Your choice of high-quality care services can be paid for with the help of Long-Term Care Insurance. An LTC Policy provides comprehensive benefits, even at home. With long-term health care expenses rising, the benefits from an LTC policy will safeguard your 401(k) and other assets and reduce the burdens that are placed on those you love.

Find Professional Help to Ensure You Have the Right Plan

There are several top-rated insurance companies that offer long-term care solutions. Each insurance company has its own underwriting standards, and premiums can vary over 100% between insurance companies. LTC Insurance is custom designed. A qualified Long-Term Care Insurance specialist will match you with the best company to save you money. A specialist will put together accurate quotes from all the top companies based on your age, health, family history, and other factors.

Getting Accurate Answers to Your Questions

LTC NEWS has many tools and resources. These resources can help you in your research as you prepare for your future retirement and plan for the costs and burdens of aging and declining health.

What if Your Parents Need Care Right Now?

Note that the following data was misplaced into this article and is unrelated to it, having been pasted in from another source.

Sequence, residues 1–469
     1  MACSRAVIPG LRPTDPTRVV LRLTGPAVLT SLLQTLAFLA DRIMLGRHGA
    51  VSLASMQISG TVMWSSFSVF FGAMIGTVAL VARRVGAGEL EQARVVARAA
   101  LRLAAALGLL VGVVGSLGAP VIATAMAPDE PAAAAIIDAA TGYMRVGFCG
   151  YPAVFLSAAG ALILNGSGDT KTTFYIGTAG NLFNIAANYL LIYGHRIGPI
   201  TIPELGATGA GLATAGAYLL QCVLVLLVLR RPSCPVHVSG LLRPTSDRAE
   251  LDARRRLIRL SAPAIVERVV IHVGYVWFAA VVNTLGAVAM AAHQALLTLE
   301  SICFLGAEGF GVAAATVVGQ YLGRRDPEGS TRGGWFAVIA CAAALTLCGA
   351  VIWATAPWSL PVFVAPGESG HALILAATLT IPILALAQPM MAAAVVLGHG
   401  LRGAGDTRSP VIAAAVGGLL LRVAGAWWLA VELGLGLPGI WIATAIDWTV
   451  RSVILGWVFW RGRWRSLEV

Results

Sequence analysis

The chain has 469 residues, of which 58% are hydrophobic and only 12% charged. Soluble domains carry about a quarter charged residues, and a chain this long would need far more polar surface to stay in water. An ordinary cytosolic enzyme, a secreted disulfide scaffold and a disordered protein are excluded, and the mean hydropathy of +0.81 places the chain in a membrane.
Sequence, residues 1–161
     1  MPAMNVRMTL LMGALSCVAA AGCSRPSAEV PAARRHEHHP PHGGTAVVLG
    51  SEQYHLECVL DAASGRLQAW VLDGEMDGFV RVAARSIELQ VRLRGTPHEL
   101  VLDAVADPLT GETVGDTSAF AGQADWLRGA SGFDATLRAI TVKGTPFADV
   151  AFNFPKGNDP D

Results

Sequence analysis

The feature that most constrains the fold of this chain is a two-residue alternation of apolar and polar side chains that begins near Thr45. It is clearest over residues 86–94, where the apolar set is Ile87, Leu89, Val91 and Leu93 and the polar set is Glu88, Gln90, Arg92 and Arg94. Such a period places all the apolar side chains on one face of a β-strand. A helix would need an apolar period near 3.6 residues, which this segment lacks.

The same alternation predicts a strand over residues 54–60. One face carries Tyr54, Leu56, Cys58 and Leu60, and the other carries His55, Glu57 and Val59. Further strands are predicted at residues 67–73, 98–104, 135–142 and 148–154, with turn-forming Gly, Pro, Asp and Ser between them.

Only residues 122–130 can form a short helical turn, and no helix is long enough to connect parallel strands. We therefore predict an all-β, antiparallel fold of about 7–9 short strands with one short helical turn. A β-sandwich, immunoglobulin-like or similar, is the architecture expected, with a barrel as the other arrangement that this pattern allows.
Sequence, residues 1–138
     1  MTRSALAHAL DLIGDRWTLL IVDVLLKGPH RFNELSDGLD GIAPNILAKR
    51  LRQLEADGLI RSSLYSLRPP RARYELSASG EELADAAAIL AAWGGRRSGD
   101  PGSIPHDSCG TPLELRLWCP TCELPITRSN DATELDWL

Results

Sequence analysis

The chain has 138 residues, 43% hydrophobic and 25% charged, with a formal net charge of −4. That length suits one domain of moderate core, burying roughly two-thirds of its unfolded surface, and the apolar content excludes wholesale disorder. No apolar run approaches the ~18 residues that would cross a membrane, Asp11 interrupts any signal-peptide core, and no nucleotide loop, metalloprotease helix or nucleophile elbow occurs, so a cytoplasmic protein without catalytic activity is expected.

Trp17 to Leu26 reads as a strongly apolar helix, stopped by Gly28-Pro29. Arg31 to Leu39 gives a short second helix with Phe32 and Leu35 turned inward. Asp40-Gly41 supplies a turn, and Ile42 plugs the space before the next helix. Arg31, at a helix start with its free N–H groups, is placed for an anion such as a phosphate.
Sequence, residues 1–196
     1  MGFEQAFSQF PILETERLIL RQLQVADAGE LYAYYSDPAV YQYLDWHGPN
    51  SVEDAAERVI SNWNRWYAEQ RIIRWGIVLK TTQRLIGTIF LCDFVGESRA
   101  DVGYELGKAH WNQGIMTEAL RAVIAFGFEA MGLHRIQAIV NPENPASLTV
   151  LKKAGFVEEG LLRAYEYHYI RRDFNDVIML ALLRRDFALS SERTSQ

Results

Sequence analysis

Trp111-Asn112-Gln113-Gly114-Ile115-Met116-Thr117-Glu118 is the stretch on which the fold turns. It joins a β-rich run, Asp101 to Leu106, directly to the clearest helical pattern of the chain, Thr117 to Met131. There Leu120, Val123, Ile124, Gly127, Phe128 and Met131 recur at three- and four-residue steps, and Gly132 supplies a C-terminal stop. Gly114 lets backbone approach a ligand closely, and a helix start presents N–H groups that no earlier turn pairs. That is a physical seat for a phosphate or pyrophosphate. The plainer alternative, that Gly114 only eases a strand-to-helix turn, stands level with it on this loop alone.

Get quality care for your parent or parents if they require it. LTC NEWS can assist. We've put together a few comprehensive guides to help you along the way.

If your loved one is fortunate enough to have Long-Term Care Insurance, make sure they use it. Families may wait, believing that they can save the benefits for a rainy day. It is not a good idea to put off using available Long-Term Care Insurance benefits.

Find help locating quality caregivers or long-term care facilities and get recommendations for a proper care plan, whether a person has a policy. - Filing a Long-Term Care Insurance Claim.

These guides can be very helpful as you try to find appropriate long-term care services for a loved one:

Today's Reverse Mortgages Can Benefit Older Families

Some people have a large portion of their savings in their homes. With the help of reverse mortgages, you can find ways to pay for quality in-home care, pay for LTC Insurance, and even assist with cash flow during retirement.

Yes, today's reverse mortgages may be the perfect way to pay for a Long-Term Care Insurance policy or even cover the cost of in-home care if you or a loved one is currently in need.

Asking an expert with your questions will help you learn more. Mike Banner, a columnist for LTC NEWS and the host of the television program "62 Who Knew," will respond to your inquiries about long-term care, reverse mortgages, aging, and health.

- Just "Ask Mike." - Reverse Mortgages | LTC News.